Nitrogen Pollution: A Long Island Environmental Hazard that Begins In Your Backyard

Nitrogen Pollution: A Long Island Environmental Hazard that Begins In Your Backyard 

By Christopher Clapp

It has been 15 years since scientists and conservationists began making the link between nitrogen pollution and the loss of eelgrass, shellfish, and saltmarshes on the East End of Long Island.

Through their work, it has become clear that the biggest source of nitrogen pollution is our reliance on cesspools and outdated septic systems to dispose of our wastewater. These systems were never designed to remove substances such as nitrogen from the waste stream.

There are serious health impacts associated with conventional septic systems and cesspools. Many cesspools built prior to 1970 were built from concrete blocks and have far exceeded their structural life span. If left ignored these aging pieces of infrastructure can “catastrophically fail,” which often results in a large sewage filled sinkhole in the yard which people and pets can fall into.

There is also the risk of non-catastrophic or “hydraulic failures,” which can happen when the ground becomes saturated with sewage related materials, and wastewater begins to surface on a homeowner’s yard, or worse back up into their homes. Early signs of hydraulic failure are gurgling drains, a circle of lawn that is always soggy, and more green than the rest of the yard. In winter these areas may take longer for snow to accumulate as the warm wastewater just below the surface melts the falling snow. Hydraulic failures typically require the homeowner to pump their system several times per year.

The final health hazard related to cesspools is the contamination of our groundwaters and ultimately surface waters. While much of Quogue receives treated county water for use throughout the home, on-site well contamination has also occurred. For those homes closest to the water there may not be adequate filtration time in the sand to remove the pathogens from the wastewater, making surface waters unsafe for shell-fishing and swimming. Most of the waters around Quogue are not certified for the consumption of shellfish or swimming for this reason, according to the NY State Department of Environmental Conservation.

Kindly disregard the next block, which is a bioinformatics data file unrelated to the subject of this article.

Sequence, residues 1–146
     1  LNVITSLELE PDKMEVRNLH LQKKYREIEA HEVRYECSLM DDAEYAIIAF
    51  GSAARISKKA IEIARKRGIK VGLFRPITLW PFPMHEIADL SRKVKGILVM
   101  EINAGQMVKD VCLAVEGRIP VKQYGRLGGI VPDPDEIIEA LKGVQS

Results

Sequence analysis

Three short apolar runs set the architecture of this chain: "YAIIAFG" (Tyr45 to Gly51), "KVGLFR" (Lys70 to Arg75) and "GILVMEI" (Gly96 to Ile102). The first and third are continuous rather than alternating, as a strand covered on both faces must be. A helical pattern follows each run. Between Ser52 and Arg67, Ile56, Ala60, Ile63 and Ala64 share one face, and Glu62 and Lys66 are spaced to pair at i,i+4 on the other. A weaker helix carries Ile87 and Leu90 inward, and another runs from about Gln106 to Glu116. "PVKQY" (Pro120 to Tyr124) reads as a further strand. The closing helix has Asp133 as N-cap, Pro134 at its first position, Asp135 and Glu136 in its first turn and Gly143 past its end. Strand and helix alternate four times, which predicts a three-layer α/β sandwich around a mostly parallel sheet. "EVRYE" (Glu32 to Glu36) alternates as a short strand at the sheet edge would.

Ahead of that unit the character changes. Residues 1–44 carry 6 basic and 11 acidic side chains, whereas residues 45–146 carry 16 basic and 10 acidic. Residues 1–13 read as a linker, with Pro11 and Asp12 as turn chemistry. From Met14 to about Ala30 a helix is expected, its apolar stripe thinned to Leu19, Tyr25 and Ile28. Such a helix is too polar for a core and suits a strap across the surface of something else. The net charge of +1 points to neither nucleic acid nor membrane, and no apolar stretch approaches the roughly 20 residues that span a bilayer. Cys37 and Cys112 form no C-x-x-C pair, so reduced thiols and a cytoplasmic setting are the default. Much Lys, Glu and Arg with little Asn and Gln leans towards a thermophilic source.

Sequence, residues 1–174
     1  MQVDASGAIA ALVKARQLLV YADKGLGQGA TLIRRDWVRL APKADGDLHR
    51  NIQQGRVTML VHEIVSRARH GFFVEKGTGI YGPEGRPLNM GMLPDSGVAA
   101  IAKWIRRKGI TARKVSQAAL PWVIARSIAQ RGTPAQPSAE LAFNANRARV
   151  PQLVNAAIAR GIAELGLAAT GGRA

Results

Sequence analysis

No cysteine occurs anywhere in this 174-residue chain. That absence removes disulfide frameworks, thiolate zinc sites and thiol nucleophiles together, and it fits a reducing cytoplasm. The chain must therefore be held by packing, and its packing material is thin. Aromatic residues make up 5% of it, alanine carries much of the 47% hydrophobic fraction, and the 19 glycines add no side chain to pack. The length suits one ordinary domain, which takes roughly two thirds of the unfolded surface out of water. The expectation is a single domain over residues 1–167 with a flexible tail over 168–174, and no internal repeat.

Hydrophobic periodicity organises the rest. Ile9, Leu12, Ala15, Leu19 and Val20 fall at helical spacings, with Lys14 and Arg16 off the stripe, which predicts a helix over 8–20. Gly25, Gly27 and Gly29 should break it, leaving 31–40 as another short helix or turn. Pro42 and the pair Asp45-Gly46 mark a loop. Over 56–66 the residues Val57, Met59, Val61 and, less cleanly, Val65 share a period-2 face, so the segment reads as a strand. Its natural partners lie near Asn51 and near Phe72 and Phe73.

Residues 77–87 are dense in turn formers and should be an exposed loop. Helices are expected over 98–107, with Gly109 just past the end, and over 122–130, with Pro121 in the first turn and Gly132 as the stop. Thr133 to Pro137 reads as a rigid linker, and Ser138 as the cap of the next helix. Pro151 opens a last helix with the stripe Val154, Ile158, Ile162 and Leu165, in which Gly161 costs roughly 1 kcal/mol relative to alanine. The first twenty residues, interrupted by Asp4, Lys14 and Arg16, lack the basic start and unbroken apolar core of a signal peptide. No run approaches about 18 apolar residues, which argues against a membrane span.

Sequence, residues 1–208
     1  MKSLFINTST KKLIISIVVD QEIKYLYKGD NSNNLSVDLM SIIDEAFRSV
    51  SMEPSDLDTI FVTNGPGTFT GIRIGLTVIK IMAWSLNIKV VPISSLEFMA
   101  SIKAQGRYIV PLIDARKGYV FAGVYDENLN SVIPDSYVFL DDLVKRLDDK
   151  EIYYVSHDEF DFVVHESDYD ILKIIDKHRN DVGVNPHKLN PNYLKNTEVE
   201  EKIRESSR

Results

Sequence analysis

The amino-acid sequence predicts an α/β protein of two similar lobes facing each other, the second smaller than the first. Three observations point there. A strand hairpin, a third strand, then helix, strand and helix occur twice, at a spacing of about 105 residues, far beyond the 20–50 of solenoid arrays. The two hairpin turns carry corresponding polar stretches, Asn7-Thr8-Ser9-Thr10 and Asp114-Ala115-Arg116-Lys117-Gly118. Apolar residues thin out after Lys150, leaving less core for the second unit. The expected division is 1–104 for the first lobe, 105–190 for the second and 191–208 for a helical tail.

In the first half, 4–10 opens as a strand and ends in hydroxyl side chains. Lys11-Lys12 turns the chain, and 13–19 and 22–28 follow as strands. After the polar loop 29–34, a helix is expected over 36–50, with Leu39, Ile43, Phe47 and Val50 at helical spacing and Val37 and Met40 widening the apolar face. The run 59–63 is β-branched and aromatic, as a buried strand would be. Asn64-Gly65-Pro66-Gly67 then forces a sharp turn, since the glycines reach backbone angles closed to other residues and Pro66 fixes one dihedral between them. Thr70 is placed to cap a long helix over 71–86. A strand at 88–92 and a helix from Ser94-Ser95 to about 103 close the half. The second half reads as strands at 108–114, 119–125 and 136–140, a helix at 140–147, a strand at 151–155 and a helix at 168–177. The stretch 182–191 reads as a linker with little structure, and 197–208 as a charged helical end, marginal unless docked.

This decline is particularly evident in our waters where the tidal exchange is minimal due to Quogue’s location near the midpoint between Shinnecock and Moriches inlets. This lack of water circulation creates warm stagnant conditions that can trap pollutants.  The accumulation of pollutants like nitrogen is what causes harmful algae blooms such as brown tide, which turns the waters a coffee-like color. These conditions are harmful to fish and shellfish and also create low oxygen conditions that further make the bays hostile to marine life. Degraded surface waters also negatively impact fishing, tourism, and ultimately our quality of life.

Chris Clapp is a marine scientist who spent his early career managing shellfish and eelgrass research and restoration projects in the waters around Long Island with The Nature Conservancy. More recently he has focused on achieving policy changes at the County, Town, and Village level to drive the nitrogen reduction needed to restore coastal marine habitat and improve public health. Chris serves on several local advisory committees and is the founder of Clean Water Advisors, which helps homeowners and municipalities navigate their way through these complex processes.